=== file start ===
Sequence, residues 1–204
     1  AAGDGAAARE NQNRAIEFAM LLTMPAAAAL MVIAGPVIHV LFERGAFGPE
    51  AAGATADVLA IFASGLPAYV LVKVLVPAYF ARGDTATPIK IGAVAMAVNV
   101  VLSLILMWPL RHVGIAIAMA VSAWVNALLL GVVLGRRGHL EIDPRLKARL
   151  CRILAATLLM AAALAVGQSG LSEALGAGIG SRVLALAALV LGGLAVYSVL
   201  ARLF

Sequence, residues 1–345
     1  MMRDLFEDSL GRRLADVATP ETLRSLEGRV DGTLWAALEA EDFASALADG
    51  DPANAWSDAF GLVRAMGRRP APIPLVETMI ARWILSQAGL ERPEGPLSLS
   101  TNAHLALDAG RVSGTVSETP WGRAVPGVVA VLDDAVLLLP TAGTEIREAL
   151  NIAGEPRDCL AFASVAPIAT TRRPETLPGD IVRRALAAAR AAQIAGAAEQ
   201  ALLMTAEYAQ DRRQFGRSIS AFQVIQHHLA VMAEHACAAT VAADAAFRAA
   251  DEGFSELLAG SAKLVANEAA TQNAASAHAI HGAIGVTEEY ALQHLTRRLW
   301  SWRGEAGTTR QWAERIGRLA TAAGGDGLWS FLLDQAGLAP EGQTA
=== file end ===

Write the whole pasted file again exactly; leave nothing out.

Sequence, residues 1–204
     1  AAGDGAAARE NQNRAIEFAM LLTMPAAAAL MVIAGPVIHV LFERGAFGPE
    51  AAGATADVLA IFASGLPAYV LVKVLVPAYF ARGDTATPIK IGAVAMAVNV
   101  VLSLILMWPL RHVGIAIAMA VSAWVNALLL GVVLGRRGHL EIDPRLKARL
   151  CRILAATLLM AAALAVGQSG LSEALGAGIG SRVLALAALV LGGLAVYSVL
   201  ARLF

Sequence, residues 1–345
     1  MMRDLFEDSL GRRLADVATP ETLRSLEGRV DGTLWAALEA EDFASALADG
    51  DPANAWSDAF GLVRAMGRRP APIPLVETMI ARWILSQAGL ERPEGPLSLS
   101  TNAHLALDAG RVSGTVSETP WGRAVPGVVA VLDDAVLLLP TAGTEIREAL
   151  NIAGEPRDCL AFASVAPIAT TRRPETLPGD IVRRALAAAR AAQIAGAAEQ
   201  ALLMTAEYAQ DRRQFGRSIS AFQVIQHHLA VMAEHACAAT VAADAAFRAA
   251  DEGFSELLAG SAKLVANEAA TQNAASAHAI HGAIGVTEEY ALQHLTRRLW
   301  SWRGEAGTTR QWAERIGRLA TAAGGDGLWS FLLDQAGLAP EGQTA